Poem: Resolutions


New year

less fears

in my personal sphere

But it’s not just me

for which I plea

save the earth, animals and the sea

Keep one prayer in your heart

to help the decay to depart

join the healing and do your part

Remember this earth is our Mother

I am your sister, you my brother

animals are kin dressed as other

This is the year to make it right

together let our power ignite

and cover the world with loving light

 

Advertisements

Poem: Long Ago


Long ago

two strangers met

and their fate was sealed

 

A child’s life

had been hurt

but a woman helped it heal

 

She took her hand

and brought her home

to help her learn to feel

 

Some days were hard

and both felt pain

life could feel surreal

 

But the woman

always was there for her

through every life ordeal

 

So even though

not by birth

as my Mother you are real

 

Dedicated to my dear Mom on her 91st birthday. You are my heart and soul. Thank you for the day you found me, brought me home and have helped me on my journey ever since!

Poem: Dirty Wind


Born on a cloud

then

blown by the dirty wind

and caught in the corners

of an unnamed road

Picked up again and again

thrown into a hailstorm of frozen

pebbles

that bang together

but later

melt

turning fluid

then eventually

evaporate into nothing

and disappear within

the world

Poem: Anne


Just like every

teenage girl

hating her mother

adoring her father

(knock knock–run and hide)

confounded by her

changing body

as her clothing shrank

(keep quiet–voices down)

With her big voice

and own ideas

all alone and feeling

unloved

(thump thump–what was that?)

Just a girl

with a yellow star

who said what she felt

(Move that there!)

So the world would

live the truth

(Come with us!)

Forever

Poem: Sometimes I Forget


Sometimes I forget

when I am writing on the

steamy bathroom mirror

about happiness and joy

–my daily prayers

because life feels lacking

And I forget

when my wants

walk in front of my needs

I forget and I forget–

Until I remember

how close it was

the demon snapping at your heels

And every phone call feeling like dread

Or the day I looked in your window

and saw you lying on your mattress

on the floor

too still

Or when you first told me about

the problem

But then

I stop forgetting

and remember

and know that my life

has really been fine

since the moment

your life

got OK

 

Poem: 17


One more sick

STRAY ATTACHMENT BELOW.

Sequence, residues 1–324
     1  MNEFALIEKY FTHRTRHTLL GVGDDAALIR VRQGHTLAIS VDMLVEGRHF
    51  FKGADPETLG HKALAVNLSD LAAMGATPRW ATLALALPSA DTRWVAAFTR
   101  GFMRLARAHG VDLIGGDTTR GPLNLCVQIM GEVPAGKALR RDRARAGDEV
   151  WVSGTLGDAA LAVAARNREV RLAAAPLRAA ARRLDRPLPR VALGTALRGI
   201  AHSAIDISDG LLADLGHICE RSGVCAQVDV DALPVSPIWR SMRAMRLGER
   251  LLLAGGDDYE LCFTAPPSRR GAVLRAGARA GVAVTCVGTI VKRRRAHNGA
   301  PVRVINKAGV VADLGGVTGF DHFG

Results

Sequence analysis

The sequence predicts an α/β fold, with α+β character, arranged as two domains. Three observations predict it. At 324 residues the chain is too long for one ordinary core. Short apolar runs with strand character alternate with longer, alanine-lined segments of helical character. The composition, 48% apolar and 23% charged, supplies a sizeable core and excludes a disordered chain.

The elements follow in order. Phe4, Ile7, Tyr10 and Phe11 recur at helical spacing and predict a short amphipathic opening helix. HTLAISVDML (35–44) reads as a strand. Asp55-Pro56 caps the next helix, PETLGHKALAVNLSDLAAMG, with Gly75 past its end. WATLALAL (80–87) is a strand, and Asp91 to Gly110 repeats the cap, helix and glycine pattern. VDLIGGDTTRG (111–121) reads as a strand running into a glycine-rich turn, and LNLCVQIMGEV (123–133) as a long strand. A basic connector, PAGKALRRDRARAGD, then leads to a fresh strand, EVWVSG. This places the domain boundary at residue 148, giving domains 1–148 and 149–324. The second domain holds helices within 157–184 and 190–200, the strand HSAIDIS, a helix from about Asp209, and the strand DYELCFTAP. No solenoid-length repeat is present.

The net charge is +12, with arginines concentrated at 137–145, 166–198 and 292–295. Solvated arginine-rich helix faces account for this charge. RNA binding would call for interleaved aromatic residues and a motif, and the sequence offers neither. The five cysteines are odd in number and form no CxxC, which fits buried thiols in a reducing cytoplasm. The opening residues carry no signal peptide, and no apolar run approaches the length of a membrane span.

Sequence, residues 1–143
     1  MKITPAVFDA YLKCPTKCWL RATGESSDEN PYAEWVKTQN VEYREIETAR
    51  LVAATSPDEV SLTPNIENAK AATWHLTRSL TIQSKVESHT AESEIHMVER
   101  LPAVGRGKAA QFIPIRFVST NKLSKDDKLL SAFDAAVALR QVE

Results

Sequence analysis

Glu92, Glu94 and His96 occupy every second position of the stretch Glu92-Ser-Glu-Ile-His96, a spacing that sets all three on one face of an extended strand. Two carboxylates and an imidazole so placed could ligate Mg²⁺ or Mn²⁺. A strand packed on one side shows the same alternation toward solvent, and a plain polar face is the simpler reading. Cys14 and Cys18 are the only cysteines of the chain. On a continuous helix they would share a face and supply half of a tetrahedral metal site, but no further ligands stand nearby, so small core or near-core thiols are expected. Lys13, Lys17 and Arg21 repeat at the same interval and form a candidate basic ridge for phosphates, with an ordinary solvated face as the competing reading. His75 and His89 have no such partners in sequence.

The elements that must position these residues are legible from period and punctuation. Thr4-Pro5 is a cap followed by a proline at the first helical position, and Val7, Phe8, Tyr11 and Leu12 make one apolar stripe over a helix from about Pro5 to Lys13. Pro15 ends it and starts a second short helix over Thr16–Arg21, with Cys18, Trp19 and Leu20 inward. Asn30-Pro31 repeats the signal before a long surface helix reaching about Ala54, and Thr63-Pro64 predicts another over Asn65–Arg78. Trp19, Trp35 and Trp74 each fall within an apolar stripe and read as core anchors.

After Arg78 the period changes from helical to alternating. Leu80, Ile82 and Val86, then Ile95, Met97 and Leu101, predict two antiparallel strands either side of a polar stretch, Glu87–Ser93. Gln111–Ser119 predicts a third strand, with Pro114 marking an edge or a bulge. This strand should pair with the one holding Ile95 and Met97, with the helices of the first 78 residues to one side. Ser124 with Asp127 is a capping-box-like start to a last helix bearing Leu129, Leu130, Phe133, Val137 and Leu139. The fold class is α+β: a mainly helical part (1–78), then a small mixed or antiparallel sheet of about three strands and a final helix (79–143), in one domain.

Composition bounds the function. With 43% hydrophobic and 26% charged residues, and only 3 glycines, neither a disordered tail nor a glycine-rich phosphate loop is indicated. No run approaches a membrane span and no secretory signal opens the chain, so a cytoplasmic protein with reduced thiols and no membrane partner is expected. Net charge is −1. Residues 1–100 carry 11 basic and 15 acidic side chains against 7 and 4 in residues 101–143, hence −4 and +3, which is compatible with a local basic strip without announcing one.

abandoned child

take Lucifer’s hand

and go Heaven up

to rain down wild

with hate no heart

Your Mother left dark

Father a hole

nothing you took

would fill your soul

The world now turns

17 lighter

Shattered and sadness

killing the gladness

Add to the countless

that suffer their fate

The spirits gather round

holy disquieting gate

for they wait

in bloodless shock

as the next enter

their flock

 

 

 

 

Poem: Birth


Out of the dark woozy womb

sliding toward the grasping fingers

They grab

then point

set a course to go

Crawling

knees of grass patterned words

written from The Mother

Until upright

feet meet pavement

and head far from the beginning

there is no turning back

It is black

unlit

Slipping farther away

deeper

Into no-one

or maybe

everyone

To wander and wonder

looking upon the staring reflection

and seeing

faceless recognition

Wanting to stick it

back in

and start over

 

 

Lofty


I’ve decided to start a project–a lofty project one might say. Someone gave me the idea this summer, but I didn’t think much of it then, but recently the idea settled in the back of my mind like a little ember and has been burning ever since.

My poetry is by no means award-winning, nor will it ever be found next to the likes of Oliver, Angelou or Plath, but in looking back, I’ve realized it has been somewhat prolific. Over the years of my blog I’ve written over 400 poems. 400! 400? I was quite amazed, and pleased with my writing self.

Some, of course, I like better than others; some are a mere silliness and some just bubble forth to lie down hard. But, none-the-less, they all exist in their own right. The thing is: they exist in the world of the internet and nowhere else. And this, recently, has become unsettling to me.

In our ever-changing world, ever unreliable and unpredictable–it seemed a novel and maybe even prudent idea to save these precious thoughts of mine in a more mundane and old-fashioned way–just in case. In case the internet collapses and goes away. Or, maybe even something less dramatic, that someday my kids just run across my journal where these poems are kept, and are stunned by the notions their mother had in her head.

So I have begun to transcribe all these words into a journal. Sure, I could have simply printed them out. But I wanted to wrap myself around them; taste them with my being as I write; re-live them. I feel like a medieval scribe, hunched over my parchment, cup of tea and sunflower seeds, scribbling, scribbling…

And some I read aloud. I close my eyes. Before me is a cushioned room and other poets such as myself, clutching their poems and listening intently as I share. They will be next to speak their truths, bring their gifts to the small group of unknown writers. Here we feel safe.

For no matter who we are or what we write, good or bad, it is a love of words and the joy of weaving them that unites us all.

Thank you for letting me share mine with you.